Mr Speaker, my Colleague from Bawku Central discussed it with me yes- terday and if he had discussed it with me today, I would have told him that through the Constitution, I have seen, I believe, an answer to his problem.
Mr Speaker, when we look at article
110 (1) of the Constitution, it states, and with your permission, I beg to quote:
“Subject to the provisions of this Constitution, Parliament may, by standing orders, regulate its own procedure.”
Mr Speaker, that read together with ar- ticle 11 (1) (c) of the Constitution, which talks about the laws of Ghana and with your permission, if I may read that:
“(1) The laws of Ghana shall com- prise--
(c) any Orders, Rules and Regu- lations made by any person or au- thority under a power conferred by this Constitution;”
The combination of those two articles may lead us to the conclusion that our Standing Orders have constitutional back- ing; it is based on article 110 and 11 (1) (c) and therefore, there is not that need for it to continuously be reawakened by some Motion or something like that. Once it is made, based on these two provisions, it is part of the laws of Ghana.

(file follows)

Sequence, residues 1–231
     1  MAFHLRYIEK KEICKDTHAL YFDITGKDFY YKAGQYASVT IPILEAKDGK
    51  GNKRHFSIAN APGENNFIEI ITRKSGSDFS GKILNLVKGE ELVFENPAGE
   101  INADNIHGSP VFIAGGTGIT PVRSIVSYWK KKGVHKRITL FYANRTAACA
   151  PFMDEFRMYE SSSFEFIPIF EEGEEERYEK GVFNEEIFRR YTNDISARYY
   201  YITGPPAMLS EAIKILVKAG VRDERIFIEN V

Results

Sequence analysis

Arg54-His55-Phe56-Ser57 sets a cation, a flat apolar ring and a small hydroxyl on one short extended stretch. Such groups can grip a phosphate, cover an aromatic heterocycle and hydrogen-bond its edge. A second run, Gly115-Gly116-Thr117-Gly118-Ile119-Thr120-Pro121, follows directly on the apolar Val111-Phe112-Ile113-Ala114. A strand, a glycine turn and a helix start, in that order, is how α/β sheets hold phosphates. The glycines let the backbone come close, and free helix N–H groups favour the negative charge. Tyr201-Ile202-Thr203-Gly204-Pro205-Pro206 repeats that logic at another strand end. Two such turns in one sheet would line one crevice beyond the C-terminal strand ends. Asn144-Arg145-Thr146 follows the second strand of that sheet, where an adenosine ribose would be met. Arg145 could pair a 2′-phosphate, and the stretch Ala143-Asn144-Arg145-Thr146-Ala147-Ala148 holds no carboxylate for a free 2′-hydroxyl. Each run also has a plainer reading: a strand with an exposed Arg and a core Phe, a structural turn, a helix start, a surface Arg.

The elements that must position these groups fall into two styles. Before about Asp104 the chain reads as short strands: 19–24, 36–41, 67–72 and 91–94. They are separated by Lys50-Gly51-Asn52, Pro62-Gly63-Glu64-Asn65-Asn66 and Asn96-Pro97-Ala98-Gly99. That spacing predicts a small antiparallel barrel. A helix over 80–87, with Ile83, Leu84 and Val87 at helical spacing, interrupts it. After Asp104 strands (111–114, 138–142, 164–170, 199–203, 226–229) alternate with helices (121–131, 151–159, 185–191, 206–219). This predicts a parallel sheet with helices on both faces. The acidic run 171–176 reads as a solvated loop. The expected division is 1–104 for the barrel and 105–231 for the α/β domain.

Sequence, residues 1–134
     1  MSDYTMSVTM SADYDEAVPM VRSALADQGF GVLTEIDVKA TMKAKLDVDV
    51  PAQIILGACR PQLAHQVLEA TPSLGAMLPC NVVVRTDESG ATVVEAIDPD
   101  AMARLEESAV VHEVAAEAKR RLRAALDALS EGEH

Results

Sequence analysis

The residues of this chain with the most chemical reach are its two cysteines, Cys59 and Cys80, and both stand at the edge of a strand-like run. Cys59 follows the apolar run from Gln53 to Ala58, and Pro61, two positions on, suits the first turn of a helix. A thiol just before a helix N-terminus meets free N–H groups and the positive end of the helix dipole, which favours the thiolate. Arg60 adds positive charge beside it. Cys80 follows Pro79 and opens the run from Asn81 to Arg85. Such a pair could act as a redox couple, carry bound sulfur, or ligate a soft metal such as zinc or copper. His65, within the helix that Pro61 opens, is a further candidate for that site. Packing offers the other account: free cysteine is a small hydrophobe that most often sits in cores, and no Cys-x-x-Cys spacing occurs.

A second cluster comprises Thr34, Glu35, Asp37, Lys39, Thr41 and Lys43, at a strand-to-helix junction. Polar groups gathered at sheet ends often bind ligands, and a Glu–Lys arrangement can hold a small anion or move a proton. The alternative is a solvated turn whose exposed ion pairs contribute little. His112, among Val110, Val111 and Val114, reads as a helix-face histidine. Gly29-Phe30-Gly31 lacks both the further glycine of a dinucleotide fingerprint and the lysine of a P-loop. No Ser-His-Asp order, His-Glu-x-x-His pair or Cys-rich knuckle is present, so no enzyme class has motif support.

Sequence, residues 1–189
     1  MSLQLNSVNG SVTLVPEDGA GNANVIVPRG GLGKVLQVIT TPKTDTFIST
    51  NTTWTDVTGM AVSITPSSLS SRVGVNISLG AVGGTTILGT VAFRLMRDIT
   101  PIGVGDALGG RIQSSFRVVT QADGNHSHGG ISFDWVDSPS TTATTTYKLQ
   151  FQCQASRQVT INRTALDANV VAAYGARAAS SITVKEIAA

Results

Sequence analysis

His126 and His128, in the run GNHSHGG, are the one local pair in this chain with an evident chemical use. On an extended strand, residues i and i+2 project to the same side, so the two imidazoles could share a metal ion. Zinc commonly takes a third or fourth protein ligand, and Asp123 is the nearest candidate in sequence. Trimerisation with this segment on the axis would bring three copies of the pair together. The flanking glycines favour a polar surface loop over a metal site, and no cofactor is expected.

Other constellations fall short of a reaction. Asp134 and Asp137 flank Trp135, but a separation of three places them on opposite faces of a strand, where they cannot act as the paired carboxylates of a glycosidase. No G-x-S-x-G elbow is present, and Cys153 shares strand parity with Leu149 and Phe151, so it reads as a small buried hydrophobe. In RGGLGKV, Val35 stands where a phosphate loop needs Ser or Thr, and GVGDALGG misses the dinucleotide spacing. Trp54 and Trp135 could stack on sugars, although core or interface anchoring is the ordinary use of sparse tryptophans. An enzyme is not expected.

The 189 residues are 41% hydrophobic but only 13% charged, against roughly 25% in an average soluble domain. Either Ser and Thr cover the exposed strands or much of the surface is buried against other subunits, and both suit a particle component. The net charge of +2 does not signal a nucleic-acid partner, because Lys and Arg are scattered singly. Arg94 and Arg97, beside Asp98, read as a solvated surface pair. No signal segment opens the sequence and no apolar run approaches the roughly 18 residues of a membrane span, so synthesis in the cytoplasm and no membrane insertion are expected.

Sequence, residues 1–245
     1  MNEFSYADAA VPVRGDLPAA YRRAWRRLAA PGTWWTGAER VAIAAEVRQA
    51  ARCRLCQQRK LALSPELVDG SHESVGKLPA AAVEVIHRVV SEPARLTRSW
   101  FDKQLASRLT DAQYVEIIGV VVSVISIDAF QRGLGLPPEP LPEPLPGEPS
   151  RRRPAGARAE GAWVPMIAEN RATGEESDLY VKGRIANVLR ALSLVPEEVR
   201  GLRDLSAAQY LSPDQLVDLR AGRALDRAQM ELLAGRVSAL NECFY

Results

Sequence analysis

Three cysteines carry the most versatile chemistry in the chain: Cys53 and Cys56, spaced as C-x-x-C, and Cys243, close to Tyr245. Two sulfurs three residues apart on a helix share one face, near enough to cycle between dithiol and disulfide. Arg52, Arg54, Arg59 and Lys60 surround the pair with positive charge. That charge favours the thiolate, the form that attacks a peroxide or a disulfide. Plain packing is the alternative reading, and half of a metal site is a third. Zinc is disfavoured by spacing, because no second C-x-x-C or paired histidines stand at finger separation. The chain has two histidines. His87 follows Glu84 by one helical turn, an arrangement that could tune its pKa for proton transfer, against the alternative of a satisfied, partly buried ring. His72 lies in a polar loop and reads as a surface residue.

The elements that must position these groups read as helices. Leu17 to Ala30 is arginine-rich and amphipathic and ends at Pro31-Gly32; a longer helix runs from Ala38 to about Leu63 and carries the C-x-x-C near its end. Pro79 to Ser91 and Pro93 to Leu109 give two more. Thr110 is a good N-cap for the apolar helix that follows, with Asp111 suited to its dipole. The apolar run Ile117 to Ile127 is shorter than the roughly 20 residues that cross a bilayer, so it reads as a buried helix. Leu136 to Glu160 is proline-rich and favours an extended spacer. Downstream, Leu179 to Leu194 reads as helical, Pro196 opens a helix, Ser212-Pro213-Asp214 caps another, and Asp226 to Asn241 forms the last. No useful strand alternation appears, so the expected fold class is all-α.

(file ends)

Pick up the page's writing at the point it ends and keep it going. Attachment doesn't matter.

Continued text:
Of course, Mr Speaker, the question of precedent, I think it has been debated in this House as my Mr Colleague, Hon Joseph Yieleh Chireh said, it has been debated that these precedents are of the persuasive authority.
Mr Speaker, indeed, even the process that says, for example, that matters before a particular Parliament lapse at the end of that Parliament leads us to the conclusion that each Parliament comes with its own life, with its own Speaker. And Mr Speak- er, as you said, you are now in a different world; you used to be in our world, so you cannot be bound by the decisions of former Speakers.